Review: Desolations Angels by Jack Kerouac

Triumph of the Now


I found myself, as I neared the end of this, oddly, unexpectedly, moved. This novel charts Kerouac’s last year or so before becoming the hugely renowned and recognisable writer he was for the last decade or so of his life. He is 34, about to “hit the big time”, and conscious of his friends becoming successful too.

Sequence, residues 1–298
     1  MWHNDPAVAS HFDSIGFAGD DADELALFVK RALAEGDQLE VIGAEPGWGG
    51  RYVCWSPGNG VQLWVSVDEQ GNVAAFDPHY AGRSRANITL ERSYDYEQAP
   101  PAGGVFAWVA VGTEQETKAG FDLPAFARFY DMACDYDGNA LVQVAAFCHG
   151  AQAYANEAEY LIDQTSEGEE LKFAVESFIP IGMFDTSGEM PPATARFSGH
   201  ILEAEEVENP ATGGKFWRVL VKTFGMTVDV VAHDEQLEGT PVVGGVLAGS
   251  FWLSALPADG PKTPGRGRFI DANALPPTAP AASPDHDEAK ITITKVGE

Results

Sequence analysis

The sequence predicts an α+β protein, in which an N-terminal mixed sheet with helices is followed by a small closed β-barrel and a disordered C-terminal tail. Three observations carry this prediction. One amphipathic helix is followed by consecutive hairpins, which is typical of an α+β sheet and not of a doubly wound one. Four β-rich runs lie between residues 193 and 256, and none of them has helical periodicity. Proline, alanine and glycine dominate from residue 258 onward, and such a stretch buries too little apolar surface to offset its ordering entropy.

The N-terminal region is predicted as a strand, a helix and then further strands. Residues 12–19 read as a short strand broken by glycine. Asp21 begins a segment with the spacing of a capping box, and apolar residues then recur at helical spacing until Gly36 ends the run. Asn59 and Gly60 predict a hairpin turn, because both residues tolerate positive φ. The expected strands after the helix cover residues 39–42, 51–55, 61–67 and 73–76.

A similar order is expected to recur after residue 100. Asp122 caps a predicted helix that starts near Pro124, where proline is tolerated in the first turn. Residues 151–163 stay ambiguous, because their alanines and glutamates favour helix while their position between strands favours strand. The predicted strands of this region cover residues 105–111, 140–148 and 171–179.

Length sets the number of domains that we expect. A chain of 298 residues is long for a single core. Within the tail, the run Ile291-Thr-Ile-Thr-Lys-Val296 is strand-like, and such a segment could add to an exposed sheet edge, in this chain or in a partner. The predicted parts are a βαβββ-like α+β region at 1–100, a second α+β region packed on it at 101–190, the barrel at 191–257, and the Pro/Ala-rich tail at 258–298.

It’s a very egocentric text. Obviously, as thinly veiled autobiography, it is about the self, is intrinsically self-interested. The opening hundred pages or so are Kerouac alone, as a fire warden, at the top of a mountain, Desolation Peak. He is seeking a spiritual awakening, a vision created through solitude, an epiphany rooted solely in the self. His revelation instead, really, turns out to be an acknowledgement of his wish for, his love of, life. So, his tenure up, he leaves the mountain and proceeds to travel south down the West Coast of…

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